COURT: Sacramento County Superior
APPOINTED: May 31, 2002, by Gov. Gray Davis
BORN: Aug. 26, 1945
LAW SCHOOL: UC-Davis’ King Hall School of Law, 1982
PREVIOUS JUDICIAL EXPERIENCE: None
BORACK LEFT TV, TEACHING FOR FAMILY LAW
If you recognize Jerilyn Borack, that probably means you’ve appeared in Sacramento County’s family courts � or you’re a fan of 1950s television.
Long before Borack became the Sacramento County Superior Court’s supervising family law judge, she was a child actress who landed a recurring role on “The George Burns and Gracie Allen Show” because she tagged along with her older sister to an audition for the series.
Her sister, Sheila � better known now as Democratic state Sen. Sheila Kuehl � didn’t get the part. But the producers thought 5-year-old Jerilyn would be perfect. And so began a seven-year television career that only ended when Borack decided she wanted a more normal teenage life.
“It was a very interesting childhood,” she said.
Acting did not give way to an immediate passion for the law. In fact, Borack started her adult professional life as a junior high school teacher. After teaching for six years, she asked her bosses in the Los Angeles Unified School District for a sabbatical. They denied her request. She resigned.
“It was 30-itis,” Borack said. “Watching all of these children go on to different things in their lives, I felt like I was standing on a platform watching all the trains go by.”
So Borack drained her retirement account, took some gourmet cooking classes, and then moved to Boston where sister Sheila was attending Harvard Law School. When she wasn’t throwing popular Friday night dinner parties, Borack audited law school classes.
“That was when I decided that [law] was something that I wanted to do, too,” she said.
By the time Borack passed the bar in 1982, she was the mother of two children under the age of 3. Borack speaks four languages and had an interest in international law, but as a young mom, globetrotting no longer seemed practical. Working the 80-hour-a-week partnership track in a big firm also seemed unreasonable.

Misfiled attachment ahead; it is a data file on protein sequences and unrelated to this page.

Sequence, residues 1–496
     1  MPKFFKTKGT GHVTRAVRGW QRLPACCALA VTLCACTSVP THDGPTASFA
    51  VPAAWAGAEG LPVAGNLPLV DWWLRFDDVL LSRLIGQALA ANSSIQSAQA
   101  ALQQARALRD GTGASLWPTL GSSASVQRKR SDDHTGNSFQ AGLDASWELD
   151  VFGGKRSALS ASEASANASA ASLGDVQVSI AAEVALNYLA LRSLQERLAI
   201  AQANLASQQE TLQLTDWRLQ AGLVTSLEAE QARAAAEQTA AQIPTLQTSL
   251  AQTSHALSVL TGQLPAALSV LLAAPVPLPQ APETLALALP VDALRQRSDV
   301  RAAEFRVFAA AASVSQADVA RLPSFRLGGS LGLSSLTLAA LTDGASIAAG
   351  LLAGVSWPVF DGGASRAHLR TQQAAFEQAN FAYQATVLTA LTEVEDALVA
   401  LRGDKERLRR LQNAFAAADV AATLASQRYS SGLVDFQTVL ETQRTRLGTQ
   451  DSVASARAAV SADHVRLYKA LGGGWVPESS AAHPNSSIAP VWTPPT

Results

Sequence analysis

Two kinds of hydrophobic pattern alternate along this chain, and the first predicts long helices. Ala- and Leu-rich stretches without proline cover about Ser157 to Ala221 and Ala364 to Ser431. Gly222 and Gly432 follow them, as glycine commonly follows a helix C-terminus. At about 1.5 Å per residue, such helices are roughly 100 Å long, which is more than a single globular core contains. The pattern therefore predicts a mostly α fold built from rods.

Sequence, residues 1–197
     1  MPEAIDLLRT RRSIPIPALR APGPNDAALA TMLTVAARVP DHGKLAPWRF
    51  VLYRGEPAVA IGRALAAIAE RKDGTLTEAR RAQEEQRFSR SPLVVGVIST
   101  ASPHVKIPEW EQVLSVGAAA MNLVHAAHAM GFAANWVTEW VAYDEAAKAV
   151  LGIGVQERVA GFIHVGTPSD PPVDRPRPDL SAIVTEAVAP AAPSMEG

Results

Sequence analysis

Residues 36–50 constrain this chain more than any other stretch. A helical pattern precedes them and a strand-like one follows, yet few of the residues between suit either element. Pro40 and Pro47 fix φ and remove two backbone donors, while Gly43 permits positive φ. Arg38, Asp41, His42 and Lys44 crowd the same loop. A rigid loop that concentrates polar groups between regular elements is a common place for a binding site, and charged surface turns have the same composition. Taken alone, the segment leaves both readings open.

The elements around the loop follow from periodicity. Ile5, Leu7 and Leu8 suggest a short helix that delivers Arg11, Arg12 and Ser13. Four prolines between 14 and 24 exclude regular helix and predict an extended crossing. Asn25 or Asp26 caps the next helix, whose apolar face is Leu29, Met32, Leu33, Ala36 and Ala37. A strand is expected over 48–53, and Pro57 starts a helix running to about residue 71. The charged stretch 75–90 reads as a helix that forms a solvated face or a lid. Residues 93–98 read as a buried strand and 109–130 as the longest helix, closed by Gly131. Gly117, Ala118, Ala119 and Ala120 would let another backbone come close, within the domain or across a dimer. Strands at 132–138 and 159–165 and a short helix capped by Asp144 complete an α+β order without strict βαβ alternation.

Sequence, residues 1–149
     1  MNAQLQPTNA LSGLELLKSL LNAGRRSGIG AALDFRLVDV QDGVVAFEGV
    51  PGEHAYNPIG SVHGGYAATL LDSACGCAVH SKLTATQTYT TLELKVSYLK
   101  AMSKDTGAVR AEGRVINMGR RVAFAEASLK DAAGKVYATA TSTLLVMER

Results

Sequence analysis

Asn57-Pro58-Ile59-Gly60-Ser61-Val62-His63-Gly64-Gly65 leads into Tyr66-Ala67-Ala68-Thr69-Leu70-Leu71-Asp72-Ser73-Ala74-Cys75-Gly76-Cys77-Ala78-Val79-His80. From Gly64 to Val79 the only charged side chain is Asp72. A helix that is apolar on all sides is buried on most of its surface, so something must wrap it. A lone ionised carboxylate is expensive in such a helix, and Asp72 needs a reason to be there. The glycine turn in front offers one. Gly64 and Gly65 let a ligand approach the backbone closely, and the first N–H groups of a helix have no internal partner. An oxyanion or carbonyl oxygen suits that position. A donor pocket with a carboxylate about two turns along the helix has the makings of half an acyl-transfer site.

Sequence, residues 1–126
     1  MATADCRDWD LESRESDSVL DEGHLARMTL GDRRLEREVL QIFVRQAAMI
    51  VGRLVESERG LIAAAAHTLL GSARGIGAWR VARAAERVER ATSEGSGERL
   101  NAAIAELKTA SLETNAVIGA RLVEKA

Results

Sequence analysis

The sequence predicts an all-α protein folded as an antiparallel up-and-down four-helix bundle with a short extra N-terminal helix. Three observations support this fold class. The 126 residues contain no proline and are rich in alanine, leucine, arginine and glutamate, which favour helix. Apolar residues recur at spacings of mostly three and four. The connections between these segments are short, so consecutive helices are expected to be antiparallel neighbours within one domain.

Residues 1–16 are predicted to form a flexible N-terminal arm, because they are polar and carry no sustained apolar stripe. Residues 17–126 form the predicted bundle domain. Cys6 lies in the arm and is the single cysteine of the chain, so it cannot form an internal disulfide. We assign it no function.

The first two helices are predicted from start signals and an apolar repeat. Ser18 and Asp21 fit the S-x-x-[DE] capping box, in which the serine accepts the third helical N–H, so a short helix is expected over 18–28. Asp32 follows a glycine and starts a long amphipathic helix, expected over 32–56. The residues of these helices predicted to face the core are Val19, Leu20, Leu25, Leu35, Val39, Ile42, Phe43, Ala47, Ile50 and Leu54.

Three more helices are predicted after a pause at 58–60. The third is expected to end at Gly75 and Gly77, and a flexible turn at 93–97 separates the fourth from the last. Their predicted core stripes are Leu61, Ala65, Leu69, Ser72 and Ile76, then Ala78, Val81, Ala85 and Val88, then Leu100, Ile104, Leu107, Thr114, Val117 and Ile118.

So after a brief stint as a research attorney, she found a family law lawyer willing to give her office space for her own practice and referrals in exchange for help with his cases.
While some attorneys find family law emotionally draining, Borack loved it.
“I find people fascinating,” she said. “And there is nowhere you can learn more about people except in a counseling setting or being a family law attorney.”
And she loved litigating, which provided another type of stage for the former actress.
“It’s like being the director and star of your own production,” Borack said.
She was certified by the State Bar as a family law specialist in 1992. But she willingly gave up litigation when Gov. Gray Davis named her to the bench in 2002.
“This is so much better,” she said of being a judge. “For every one person whose life I could touch as an attorney, I have 100 now. I have the opportunity to help people who have had almost no help.”
Attorneys who have appeared before Borack say she is incredibly patient with the many pro pers on her calendar, agile with the numbers involved in support issues, and occasionally sharp-tongued with lawyers.
“What I don’t like to see are attorneys who are more emotional about the issues of their clients than are their clients,” Borack said. “It takes a lot of self-awareness to be in a family law practice, and not everybody can do it.”
Veteran family law attorney Deborah Eldridge said that while she doesn’t agree with every Borack ruling, she appreciates the judge’s focus on finding the best outcome for children and her consistency in style and decisions.
“It’s something you can count on,” Eldridge said. “It makes a huge difference in how I counsel my clients.”
Borack said she strives to make those who appear in front of her feel like they were heard, even if they don’t prevail.
“It’s important to give people in those kinds of hard situations the opportunity to feel that everything was done that could be done, especially when it comes to people’s relationships with their children,” she said. “And that sense that I felt so strongly as an attorney is something that has given me a lot of guidance as a family law judge.”
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